Robert Regan, tagged ‘perhaps worst candidate ever,’ loses House bid to Dem
Democrat Carol Glanville pulled off an upset in a conservative West Michigan state House election Tuesday, defeating a controversial Republican candidate who gained national noteriety for remarks about rape and conspiracy theories related to QAnon and Jews.
Carol Glanville, a Walker city commissioner, defeated Robert "RJ" Regan by getting 7,288 votes to Regan's 5,697 votes in a special election to fill the 74th district seat, according to unofficial election results from the Kent County Clerk's office.
“West Michigan values of integrity, decency and care for the common good won tonight,” Glanville said in a statement Tuesday night. “We are united in fundamental ways, and I will take our values and concerns to the Capitol to affect positive change.”
- Robert Regan, under fire for rape comments, also espoused QAnon, violence
- Robert Regan tries to explain rape comments, saying ‘My words aren’t smooth’
Regan had been favored to win the reliably Republican district after scoring an upset win in a special primary election. But he was scorned by Democrats and Republicans alike for a series of offensive comments, most notably a remark during a livestream hosted by a conservative group that he told his daughters, “if rape is inevitable, you should just lie back and enjoy it.”
Many Republicans had disavowed Regan ahead of the election, with some putting their hopes — and dollars — into write-in candidate Mike Milanowski. The county reported 1,117 write-in votes, although it’s unclear at this point how many of those went to Milanowski.
Regan responded to the loss on social media Wednesday, noting he’s regrouping and putting together a campaign for the August primary to represent the region next term.
“One thing is now clear. The RINO Republican establishment would rather have a Democrat than an America First Republican like me in office,” he wrote.
The election was held to fill the remainder of former state Rep. Mark Huizinga’s term, who vacated the seat after his election to the state Senate last fall.
Regan — who according to his campaign website is an entrepreneur and has worked in banking, manufacturing and recruiting — unsuccessfully run for office in 2014, 2018 and 2020, when he made national news because one of his daughters urged voters to oppose him.
In addition to the rape comments, Regan faced backlash for his other online activity. At one point, he called the Ukraine war a “fake war just like the fake pandemic” and shared a meme claiming that feminism is “a Jewish program to degrade and subjugate white men.”
In other past social media posts, Regan shared conspiracy theories claiming that Jewish people were behind the Sept. 11, 2001 terror attacks and presidential assassinations and control the banks as well as the media.
In one post, Regan affixed his campaign logo and website address to a far-right video, “It’s Beginning to Look a Lot Like Genocide.” The song is a parody of the Christmas classic, questions the COVID pandemic and ends with photos of the nation’s top medical adviser, Dr. Anthony Fauci and others next to nooses and the line “One day, we’ll see these bastards swing.”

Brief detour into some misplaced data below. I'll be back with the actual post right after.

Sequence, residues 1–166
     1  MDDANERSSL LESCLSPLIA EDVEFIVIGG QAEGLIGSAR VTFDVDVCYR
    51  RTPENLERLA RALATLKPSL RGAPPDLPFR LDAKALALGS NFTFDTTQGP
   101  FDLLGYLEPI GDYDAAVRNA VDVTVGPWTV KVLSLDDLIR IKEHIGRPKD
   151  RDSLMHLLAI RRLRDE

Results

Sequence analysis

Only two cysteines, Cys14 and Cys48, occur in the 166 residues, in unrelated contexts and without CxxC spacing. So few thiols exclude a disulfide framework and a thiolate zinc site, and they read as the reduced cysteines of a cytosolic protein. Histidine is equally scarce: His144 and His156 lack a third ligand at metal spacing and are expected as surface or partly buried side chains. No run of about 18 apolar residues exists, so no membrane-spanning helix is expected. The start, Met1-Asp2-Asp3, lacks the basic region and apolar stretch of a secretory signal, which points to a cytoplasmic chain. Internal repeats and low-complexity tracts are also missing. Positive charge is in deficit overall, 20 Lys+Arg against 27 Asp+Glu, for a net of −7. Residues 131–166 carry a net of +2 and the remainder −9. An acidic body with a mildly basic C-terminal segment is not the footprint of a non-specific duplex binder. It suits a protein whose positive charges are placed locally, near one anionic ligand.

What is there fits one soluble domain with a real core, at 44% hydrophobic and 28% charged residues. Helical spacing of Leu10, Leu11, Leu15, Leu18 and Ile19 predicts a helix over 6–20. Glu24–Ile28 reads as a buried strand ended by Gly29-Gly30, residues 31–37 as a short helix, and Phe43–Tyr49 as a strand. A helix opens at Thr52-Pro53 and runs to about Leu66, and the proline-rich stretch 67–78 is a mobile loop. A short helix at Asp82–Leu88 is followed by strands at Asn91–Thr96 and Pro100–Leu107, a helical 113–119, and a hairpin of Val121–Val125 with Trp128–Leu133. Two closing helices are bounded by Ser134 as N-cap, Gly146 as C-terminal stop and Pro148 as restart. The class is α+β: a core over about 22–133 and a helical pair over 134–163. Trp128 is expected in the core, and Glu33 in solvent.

In another video posted in February 2021, Regan explained and endorsed QAnon, a wide-ranging conspiracy theory alleging world governments are controlled by a shadowy cabal of pedophiles who worked to undermine Trump and steal the 2020 election.
"What it's doing is it's exposing the depth and breadth of the corruption that's been going on in the government, not just financial corruption by the (child sex) trafficking that's been going on and the drugs and the murders," Regan said. "I just keep getting encouraged each week that more and more and more of this is in fact true."
Regan previously told Bridge Michigan that “my words aren’t as smooth and polished as the politicians are because I’m not a politician. I’m working on it.”
In a statement touting other special election victories, the House Republican Campaign Committee acknowledged Glanville's victory in the district, which covers Walker, Grandville, Rockford and several adjacent townships, noting the caucus "chose not to participate in the race."
Other Republicans set their sights on the August primary, expressing confidence that the party could win back representation in the region next term with a different candidate on the ticket.
“We couldn’t support Regan & it’s clear voters couldn’t either,” Tori Sachs, executive director of the Michigan Freedom Fund, which champions conservative policies, wrote on Twitter. “The GOP can & will pick this seat back up in November if a credible candidate is nominated in August.”
Gus Portela, communications director for the Michigan Republican Party, wrote on Twitter that Regan was “possibly the worst candidate I’ve ever seen” and said there was no room in the party for someone advocating for violence against women.
The 74th district was one of four special state House elections held Tuesday to fill vacancies through the end of the year. Republicans Mike Harris and Terence Mekoski scored victories in the 36th and 43rd House districts, respectively, and Democratic candidate Jeffery Pepper won election in the 15th House District.
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